When it comes to money matters, many grown-ups are afraid to ask questions. Others are paralyzed by the fear of making mistakes. But we might prevent our children from falling into the same trap if we help them develop a healthy attitude toward asking questions about money, making decisions and correcting mistakes. Here are some suggestions on how to teach children about money:
1) Let your children listen in on problem-solving conversations related to money matters. Knowing that a grown-up asks questions about interest rates at the local bank or corrects errors on a phone bill or broker’s statement will give children encouragement to seek answers. It also demonstrates that it is OK to admit (by asking questions) that you don’t understand something.
2) Begin to familiarize your children with financial jargon such as interest, dividends, gains, losses, stocks, bonds, mutual funds, savings accounts, etc. Not knowing the meaning of financial words can be inhibiting to anyone, regardless of age. Go slowly – too much too soon can be overwhelming. (But too little too late can be just as much of a problem.)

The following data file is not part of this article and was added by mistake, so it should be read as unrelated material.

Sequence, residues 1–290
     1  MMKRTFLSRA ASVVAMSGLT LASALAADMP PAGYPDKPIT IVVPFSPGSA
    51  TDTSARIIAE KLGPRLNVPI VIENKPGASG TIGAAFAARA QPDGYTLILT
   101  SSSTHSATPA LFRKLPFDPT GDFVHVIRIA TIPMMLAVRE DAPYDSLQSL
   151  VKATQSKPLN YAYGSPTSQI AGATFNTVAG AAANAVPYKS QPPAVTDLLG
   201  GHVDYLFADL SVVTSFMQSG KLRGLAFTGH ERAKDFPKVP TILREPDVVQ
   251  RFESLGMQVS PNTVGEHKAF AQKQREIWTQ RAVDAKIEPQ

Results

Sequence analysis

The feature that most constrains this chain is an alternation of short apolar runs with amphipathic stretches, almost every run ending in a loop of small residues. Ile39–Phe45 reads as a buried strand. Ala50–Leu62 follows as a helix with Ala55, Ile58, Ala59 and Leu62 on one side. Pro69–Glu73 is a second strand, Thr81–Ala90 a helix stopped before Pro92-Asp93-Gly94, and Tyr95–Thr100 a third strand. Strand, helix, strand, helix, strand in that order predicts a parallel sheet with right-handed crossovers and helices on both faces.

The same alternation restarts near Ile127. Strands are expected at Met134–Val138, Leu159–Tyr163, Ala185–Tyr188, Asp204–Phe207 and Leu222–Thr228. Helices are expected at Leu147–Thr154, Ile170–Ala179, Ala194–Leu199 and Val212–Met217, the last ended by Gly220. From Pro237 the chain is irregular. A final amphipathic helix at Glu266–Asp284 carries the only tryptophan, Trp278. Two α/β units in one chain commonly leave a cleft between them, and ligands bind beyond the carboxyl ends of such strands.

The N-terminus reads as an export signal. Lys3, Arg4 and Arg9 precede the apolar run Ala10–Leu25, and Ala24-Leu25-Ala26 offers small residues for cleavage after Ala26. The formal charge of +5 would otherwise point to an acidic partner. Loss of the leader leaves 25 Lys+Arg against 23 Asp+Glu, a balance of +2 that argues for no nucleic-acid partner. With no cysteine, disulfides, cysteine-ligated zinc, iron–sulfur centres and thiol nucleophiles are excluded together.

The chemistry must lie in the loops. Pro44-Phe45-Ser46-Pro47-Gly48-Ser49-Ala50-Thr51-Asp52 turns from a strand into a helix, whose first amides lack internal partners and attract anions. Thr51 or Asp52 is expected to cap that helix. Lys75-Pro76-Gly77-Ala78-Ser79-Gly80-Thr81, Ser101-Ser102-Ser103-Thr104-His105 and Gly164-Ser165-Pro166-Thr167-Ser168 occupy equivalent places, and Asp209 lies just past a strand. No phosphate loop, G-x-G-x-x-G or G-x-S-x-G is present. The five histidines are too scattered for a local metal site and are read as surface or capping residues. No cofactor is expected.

3) Make it a weekly family project to look up one or two stocks in the newspaper. To monitor changes over time, keep a chart of price fluctuations. This way even the youngest child can get a sense of market changes, risk and reward. To make it more fun for your children, allow them to choose the stocks, preferably ones with whose products they are familiar – such as Coca- Cola, Pepsi, McDonald’s, Disney, etc.
4) Acquaint children with your own family budget.
5) Encourage your children to do comparison shopping on major purchases such as sports equipment, bikes, clothes, etc. Aside from real money savings, they will have a better understanding of the broad range of prices that different stores charge. As an added incentive, you may even want to “rebate” them a portion of the cost savings as a reward for their time and effort.
6) To instill a sense of social responsibility, you may want to encourage your youngsters to put away a small amount of their earnings or weekly allowance to be given to the less fortunate. Let them choose the charity. Perhaps they have watched one of the telethons on TV or had a friend or relative succumb to a serious disease.
Above all, remember: There is no such thing as a stupid question! Parents can help children learn about money and develop a positive attitude toward solving problems by showing them that asking questions is a good thing. Add to this familiarizing children with simple financial concepts and encouraging good habits from an early age, and they will be well on their way to a healthy self-image, confidence and a sense of adventure.